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The Type VI Secretion System (T6SS) has important roles relating to bacterial antagonism, subversion of host cells, and niche colonisation. Campylobacter jejuni is one of the leading bacterial causes of human gastroenteritis worldwide and is a commensal coloniser of birds. Although recently discovered, the T6SS biological functions and identities of its effectors are still poorly defined in C. jejuni. Here, we perform a comprehensive bioinformatic analysis of the C. jejuni T6SS by investigating the prevalence and genetic architecture of the T6SS in 513 publicly available genomes using C. jejuni 488 strain as reference. A unique and conserved T6SS cluster associated with the Campylobacter jejuni Integrated Element 3 (CJIE3) was identified in the genomes of 117 strains. Analyses of the T6SS-positive 488 strain against the T6SS-negative C. jejuni RM1221 strain and the T6SS-positive plasmid pCJDM202 carried by C. jejuni WP2-202 strain defined the “T6SS-containing CJIE3” as a pathogenicity island, thus renamed as Campylobacter jejuni Pathogenicity Island-1 (CJPI-1). Analysis of CJPI-1 revealed two canonical VgrG homologues, CJ488_0978 and CJ488_0998, harbouring distinct C-termini in a genetically variable region downstream of the T6SS operon. CJPI-1 was also found to carry a putative DinJ-YafQ Type II toxin-antitoxin (TA) module, conserved across pCJDM202 and the genomic island CJIE3, as well as several open reading frames functionally predicted to encode for nucleases, lipases, and peptidoglycan hydrolases. This comprehensive in silico study provides a framework for experimental characterisation of T6SS-related effectors and TA modules in C. jejuni.
... In that sense, the Vamp_311_38 enzyme seems more similar to the "predatory" Bdellovibrio ones. Interestingly, the "predatory" endopeptidase Bd3459 and the regulatory inhibitor Bd3460 are contiguous in the genomes of Bdellovibrio and other periplasmic predators but not in epibiotic predators 32 . Vampirococcus confirms this pattern since, although it possesses several ankyrin-repeat-containing proteins, none of them is encoded adjacent to the DD endopeptidase genes. ...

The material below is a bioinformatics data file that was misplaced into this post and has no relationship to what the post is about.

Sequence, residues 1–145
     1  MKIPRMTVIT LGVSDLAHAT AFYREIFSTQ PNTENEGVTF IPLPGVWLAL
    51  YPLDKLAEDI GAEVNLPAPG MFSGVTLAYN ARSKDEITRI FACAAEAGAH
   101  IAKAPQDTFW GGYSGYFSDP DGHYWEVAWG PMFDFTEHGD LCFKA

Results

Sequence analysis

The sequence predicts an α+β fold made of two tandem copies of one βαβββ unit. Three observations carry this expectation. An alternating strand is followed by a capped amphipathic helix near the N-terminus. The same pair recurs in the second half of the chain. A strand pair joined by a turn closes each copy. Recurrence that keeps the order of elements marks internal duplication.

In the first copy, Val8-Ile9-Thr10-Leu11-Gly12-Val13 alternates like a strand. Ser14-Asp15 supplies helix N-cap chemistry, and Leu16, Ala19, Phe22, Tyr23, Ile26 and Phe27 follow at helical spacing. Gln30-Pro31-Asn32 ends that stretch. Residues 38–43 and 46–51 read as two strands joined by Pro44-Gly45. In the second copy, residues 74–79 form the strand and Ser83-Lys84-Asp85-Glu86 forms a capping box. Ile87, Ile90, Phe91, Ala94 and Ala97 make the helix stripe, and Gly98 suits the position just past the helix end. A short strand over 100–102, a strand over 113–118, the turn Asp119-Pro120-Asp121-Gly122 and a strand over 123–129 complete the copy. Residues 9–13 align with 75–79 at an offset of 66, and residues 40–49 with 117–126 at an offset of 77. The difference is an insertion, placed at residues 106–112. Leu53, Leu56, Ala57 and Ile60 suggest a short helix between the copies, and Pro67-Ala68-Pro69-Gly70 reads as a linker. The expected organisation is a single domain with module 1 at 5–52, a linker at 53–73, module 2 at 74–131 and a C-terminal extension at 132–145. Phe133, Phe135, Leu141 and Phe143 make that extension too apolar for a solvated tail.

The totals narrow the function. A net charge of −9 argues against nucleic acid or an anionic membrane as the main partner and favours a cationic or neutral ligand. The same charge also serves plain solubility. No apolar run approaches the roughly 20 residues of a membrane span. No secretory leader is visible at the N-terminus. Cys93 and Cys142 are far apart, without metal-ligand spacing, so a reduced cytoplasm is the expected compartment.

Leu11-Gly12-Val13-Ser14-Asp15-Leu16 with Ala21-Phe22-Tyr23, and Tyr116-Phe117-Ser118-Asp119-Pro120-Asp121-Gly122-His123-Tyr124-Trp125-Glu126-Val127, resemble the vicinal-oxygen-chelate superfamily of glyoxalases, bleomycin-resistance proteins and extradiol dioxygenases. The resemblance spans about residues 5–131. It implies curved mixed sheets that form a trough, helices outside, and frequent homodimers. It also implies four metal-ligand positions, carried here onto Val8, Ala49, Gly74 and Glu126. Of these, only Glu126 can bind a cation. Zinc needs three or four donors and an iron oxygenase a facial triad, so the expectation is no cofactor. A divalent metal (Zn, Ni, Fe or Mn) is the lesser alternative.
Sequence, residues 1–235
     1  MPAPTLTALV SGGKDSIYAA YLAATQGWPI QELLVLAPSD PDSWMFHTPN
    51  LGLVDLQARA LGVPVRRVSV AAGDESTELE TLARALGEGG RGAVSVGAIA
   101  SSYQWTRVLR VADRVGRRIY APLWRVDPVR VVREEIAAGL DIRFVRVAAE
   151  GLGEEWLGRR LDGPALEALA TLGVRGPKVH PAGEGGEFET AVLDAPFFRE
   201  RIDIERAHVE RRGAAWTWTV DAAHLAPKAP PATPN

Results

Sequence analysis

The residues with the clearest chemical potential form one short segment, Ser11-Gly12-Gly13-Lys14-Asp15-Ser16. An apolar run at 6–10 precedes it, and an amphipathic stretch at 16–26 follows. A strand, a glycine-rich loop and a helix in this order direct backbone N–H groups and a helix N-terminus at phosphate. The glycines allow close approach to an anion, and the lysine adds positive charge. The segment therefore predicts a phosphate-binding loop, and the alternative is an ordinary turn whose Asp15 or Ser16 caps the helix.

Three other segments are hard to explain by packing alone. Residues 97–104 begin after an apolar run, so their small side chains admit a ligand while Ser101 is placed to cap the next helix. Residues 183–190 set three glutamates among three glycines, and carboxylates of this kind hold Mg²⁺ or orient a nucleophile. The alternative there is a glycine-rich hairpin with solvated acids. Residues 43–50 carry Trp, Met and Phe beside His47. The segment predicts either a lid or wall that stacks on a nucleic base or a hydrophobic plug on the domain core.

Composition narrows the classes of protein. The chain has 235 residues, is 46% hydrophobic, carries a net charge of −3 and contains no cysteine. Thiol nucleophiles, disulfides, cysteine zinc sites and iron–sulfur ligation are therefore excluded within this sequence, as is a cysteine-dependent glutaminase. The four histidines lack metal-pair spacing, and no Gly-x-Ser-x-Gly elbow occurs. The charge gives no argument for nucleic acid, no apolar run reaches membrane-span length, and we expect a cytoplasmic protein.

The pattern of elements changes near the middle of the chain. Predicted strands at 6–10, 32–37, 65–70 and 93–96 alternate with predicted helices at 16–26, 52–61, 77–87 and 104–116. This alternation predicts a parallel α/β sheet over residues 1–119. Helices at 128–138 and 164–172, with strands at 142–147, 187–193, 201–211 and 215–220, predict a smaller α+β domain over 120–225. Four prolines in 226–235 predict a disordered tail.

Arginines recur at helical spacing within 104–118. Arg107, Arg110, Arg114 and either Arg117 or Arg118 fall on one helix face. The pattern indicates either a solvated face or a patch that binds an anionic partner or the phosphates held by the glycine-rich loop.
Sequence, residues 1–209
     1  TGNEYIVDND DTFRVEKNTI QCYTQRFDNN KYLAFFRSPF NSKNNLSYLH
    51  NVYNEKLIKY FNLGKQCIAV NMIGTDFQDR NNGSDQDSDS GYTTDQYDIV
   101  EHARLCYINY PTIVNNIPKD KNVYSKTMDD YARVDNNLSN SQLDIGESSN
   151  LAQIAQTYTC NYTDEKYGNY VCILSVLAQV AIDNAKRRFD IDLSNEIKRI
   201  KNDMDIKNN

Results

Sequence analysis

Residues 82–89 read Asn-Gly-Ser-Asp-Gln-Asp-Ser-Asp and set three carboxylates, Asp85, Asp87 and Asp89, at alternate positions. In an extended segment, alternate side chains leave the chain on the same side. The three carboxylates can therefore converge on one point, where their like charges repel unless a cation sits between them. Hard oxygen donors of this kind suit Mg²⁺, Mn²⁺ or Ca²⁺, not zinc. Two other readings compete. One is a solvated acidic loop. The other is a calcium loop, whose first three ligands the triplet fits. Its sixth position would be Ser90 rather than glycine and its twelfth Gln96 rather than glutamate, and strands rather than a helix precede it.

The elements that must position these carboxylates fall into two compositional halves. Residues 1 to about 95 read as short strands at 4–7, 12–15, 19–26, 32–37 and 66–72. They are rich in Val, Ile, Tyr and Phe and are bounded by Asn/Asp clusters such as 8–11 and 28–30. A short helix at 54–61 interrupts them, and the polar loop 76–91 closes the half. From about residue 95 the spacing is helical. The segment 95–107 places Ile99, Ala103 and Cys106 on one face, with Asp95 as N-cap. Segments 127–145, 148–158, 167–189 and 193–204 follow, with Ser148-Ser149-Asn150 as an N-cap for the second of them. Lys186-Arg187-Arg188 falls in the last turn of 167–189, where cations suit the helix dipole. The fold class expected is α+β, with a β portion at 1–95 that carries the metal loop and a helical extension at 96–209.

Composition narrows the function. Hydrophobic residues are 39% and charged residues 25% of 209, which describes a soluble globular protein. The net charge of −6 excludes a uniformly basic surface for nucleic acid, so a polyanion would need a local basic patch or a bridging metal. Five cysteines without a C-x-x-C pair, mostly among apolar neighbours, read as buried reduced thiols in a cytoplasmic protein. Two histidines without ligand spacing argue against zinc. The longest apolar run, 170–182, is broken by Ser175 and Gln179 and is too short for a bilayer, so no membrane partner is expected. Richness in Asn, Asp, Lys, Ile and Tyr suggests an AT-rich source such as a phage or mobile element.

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The Candidate Phyla Radiation (CPR) constitutes a large group of mostly uncultured bacterial lineages with small cell sizes and limited biosynthetic capabilities. They are thought to be symbionts of other organisms, but the nature of this symbiosis has been ascertained only for cultured Saccharibacteria, which are epibiotic parasites of other bacteria. Here, we study the biology and the genome of Vampirococcus lugosii, which becomes the first described species of Vampirococcus, a genus of epibiotic bacteria morphologically identified decades ago. Vampirococcus belongs to the CPR phylum Absconditabacteria. It feeds on anoxygenic photosynthetic gammaproteobacteria, fully absorbing their cytoplasmic content. The cells divide epibiotically, forming multicellular stalks whose apical cells can reach new hosts. The genome is small (1.3 Mbp) and highly reduced in biosynthetic metabolism genes, but is enriched in genes possibly related to a fibrous cell surface likely involved in interactions with the host. Gene loss has been continuous during the evolution of Absconditabacteria, and generally most CPR bacteria, but this has been compensated by gene acquisition by horizontal gene transfer and de novo evolution. Our findings support parasitism as a widespread lifestyle of CPR bacteria, which probably contribute to the control of bacterial populations in diverse ecosystems.